The head of the Lord of the Rings Online team says that, like most other MMOG makers, his company punishes "gold farming" - for now.
Exchanging real-life currency for in-game currency has been a taboo and bannable offense in many MMOGs, but Jeffrey Steefel, who spearheaded the completion and launch of the epic Lord of the Rings Online , says that view may change.
The executive producer at Turbine told Eurogamer.net that the business model driving the real "secondary market" may force companies to adapt to new realities.
"The 'secondary market' is a huge topic of conversation across the industry, and we're watching it really closely," Steefel said. He also noted, "We all know that something will happen in the next two to five years to business models in general, so we're paying attention to what's going on."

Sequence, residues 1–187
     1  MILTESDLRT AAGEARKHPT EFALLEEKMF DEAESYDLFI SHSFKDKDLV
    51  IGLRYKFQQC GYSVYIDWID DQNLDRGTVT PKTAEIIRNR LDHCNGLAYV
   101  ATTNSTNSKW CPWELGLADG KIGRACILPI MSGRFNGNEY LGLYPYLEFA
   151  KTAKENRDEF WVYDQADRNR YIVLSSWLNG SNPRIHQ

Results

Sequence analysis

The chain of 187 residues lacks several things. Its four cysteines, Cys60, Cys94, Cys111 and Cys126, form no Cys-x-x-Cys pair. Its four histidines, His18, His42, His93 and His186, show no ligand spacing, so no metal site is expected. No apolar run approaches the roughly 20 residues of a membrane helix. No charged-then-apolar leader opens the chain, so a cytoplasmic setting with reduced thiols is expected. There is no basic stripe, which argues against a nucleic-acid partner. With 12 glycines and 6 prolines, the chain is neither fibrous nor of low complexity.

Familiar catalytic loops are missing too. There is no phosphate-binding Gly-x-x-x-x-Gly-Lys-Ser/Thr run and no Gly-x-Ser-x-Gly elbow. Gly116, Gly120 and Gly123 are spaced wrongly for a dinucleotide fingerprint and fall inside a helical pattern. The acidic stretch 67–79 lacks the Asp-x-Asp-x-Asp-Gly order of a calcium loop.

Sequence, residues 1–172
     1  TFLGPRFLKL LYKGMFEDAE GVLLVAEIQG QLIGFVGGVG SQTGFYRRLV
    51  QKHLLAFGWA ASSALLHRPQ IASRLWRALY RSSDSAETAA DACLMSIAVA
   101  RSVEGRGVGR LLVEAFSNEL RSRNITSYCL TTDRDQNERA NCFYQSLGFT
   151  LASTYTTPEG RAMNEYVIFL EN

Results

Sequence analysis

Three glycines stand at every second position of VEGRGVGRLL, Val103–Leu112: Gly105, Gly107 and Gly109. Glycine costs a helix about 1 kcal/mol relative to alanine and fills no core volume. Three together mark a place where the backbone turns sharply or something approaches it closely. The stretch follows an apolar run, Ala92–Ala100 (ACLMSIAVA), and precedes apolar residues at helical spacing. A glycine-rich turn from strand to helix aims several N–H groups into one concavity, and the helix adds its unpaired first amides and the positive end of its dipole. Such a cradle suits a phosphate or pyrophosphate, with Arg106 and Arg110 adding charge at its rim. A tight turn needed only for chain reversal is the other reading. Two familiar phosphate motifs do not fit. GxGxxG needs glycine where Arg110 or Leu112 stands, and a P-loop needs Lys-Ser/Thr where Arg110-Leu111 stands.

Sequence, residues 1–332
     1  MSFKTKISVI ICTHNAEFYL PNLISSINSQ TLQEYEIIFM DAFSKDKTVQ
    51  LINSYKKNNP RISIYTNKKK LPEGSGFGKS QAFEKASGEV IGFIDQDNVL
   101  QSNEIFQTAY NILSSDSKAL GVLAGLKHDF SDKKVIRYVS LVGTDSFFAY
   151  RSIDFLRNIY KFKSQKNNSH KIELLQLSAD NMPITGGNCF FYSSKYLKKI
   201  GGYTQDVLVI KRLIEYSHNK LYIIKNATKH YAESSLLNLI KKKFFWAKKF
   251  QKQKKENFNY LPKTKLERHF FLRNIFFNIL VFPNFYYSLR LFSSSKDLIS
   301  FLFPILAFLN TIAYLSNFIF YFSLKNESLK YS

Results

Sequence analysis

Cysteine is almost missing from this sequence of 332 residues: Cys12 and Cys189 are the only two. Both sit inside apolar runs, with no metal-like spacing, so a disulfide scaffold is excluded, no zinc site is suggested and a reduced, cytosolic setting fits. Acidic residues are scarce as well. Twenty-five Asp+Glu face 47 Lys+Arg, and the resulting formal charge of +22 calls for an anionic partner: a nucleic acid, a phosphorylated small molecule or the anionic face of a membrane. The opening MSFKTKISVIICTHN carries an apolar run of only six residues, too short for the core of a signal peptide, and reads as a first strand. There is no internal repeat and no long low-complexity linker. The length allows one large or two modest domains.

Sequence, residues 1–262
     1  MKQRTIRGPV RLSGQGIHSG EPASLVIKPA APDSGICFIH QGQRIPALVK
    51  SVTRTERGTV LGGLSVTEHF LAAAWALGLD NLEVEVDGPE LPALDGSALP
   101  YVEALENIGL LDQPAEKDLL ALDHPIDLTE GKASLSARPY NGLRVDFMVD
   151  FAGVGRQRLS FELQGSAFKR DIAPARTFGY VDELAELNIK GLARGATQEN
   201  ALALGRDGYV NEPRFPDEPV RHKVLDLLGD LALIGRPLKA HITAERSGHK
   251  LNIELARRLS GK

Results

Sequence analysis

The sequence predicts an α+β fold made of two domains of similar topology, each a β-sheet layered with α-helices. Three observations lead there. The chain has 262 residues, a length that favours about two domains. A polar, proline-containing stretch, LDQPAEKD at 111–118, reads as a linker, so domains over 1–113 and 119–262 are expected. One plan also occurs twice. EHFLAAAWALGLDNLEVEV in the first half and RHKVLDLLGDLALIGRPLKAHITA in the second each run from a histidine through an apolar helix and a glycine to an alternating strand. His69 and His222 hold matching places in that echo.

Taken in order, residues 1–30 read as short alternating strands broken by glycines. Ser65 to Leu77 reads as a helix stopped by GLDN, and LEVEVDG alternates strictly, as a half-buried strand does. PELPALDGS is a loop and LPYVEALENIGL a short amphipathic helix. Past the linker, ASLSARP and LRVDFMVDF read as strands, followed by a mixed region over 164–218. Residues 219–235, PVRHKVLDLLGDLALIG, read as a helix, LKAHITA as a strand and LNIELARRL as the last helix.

He cautioned, however, that no immediate change was on the horizon for the company's own product: "Our responsibility is to the subscribers of the game, to deliver to them the experience they expect. So we certainly do not support people farming or taking advantage of the system in that way. It's against our Terms of Service and we do try and enforce that."
Steefel noted Sony's own foray into the secondary market, via its proprietary auction house "Station Exchange" that allows EverQuest II players to buy in-game assets.
Though prohibited in the end-user license agreements in many MMOsG, the reality of cash-for-currency trading has impacted many MMOGs directly, as some "players" exist in the game solely to raise funds.